Baroness Thatcher has become the first living ex-prime minister to be honoured with a statue in the House of Commons.
Lady Thatcher is the only living ex-PM to have a Commons statue
A 7ft 6ins bronze sculpture was unveiled on Wednesday, with her immediate successor John Major and Tory leader David Cameron attending.
Commons speaker Michael Martin said the tribute was a "fitting" tribute to Britain's first female prime minister.
Baroness Thatcher, 81, said it was "an honour", adding: "I might have preferred iron but bronze will do."
The statue, in the members' lobby of the Commons, depicts the former prime minister in mid-debate, jabbing her finger in the air to make a point.
It will face that of her predecessor and political hero Winston Churchill.
An earlier statue of Lady Thatcher in white marble, which had been on display in the Guildhall Art Gallery, in the City of London, awaiting transfer to the Commons, was decapitated by a protester in 2002.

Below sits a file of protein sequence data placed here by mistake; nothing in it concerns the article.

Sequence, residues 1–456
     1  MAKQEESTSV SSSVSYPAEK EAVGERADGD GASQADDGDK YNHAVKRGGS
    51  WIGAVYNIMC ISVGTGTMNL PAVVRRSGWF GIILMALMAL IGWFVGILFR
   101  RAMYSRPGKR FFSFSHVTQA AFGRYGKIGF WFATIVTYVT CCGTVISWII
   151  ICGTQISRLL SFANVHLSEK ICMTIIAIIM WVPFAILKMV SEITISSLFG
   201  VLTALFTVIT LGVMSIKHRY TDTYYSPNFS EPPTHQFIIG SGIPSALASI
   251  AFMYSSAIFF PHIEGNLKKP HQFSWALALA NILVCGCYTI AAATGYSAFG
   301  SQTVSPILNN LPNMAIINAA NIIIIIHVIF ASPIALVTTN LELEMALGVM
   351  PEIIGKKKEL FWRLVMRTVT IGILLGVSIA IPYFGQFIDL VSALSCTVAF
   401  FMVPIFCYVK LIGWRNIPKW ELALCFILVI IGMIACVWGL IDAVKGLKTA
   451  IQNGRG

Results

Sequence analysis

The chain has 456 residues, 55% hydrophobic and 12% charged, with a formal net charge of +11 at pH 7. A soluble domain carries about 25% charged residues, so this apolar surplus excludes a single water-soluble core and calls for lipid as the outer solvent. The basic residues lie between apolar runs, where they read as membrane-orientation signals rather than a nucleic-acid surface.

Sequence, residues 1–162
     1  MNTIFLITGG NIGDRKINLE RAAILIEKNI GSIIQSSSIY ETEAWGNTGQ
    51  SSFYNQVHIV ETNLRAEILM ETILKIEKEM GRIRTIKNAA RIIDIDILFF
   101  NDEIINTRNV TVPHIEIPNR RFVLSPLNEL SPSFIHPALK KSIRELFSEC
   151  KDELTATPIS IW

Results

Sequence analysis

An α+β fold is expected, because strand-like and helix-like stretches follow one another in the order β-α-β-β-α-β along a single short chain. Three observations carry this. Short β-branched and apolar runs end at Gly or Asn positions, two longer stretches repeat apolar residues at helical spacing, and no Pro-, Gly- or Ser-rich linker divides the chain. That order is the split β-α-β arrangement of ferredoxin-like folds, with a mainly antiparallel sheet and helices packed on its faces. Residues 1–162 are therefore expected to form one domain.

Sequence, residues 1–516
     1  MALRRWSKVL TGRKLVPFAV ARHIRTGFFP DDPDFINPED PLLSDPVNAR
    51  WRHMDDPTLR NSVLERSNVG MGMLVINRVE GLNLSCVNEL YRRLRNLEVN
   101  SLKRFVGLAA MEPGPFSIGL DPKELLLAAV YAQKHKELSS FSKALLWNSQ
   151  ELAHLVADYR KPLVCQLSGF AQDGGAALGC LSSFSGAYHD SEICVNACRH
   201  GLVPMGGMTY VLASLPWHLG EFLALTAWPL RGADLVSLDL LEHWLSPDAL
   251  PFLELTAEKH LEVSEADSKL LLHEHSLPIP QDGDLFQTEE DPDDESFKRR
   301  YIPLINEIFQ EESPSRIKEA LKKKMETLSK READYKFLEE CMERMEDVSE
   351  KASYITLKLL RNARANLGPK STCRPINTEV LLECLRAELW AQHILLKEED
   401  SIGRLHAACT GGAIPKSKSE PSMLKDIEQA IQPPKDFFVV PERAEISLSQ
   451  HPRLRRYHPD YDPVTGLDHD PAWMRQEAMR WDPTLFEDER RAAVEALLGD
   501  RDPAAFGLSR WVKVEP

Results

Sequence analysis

At Wednesday's unveiling, Baroness Thatcher, who officially gave up public speaking in 2002 because of ill health, said: "I might have preferred iron - but bronze will do.
"It won't rust. And, this time I hope, the head will stay on."
Lady Thatcher's statue will take its place in the lobby alongside those of other prime ministers, such as Clement Attlee and David Lloyd George.
Speaking in the Commons earlier on Wednesday, Labour MP Paul Flynn said the unveiling of a statue of "one of the four giants of 20th century politics" was a "very happy event".
But he added: "The decision to have this statue erected is in conflict with a long tradition of the House and while most members will agree this tradition should be disregarded in this instance, I'd like to know why it was not taken by the House and it taken in an almost semi-secretive way..."
However, at the unveiling ceremony, Mr Martin told Baroness Thatcher: "I came into the House the same day that you became prime minister.
"I watched from afar. You were formidable in responding to attack.
"Never personal. Always respecting the traditions of the House, and protecting those traditions."
Baroness Thatcher was prime minister from 1979 to 1990.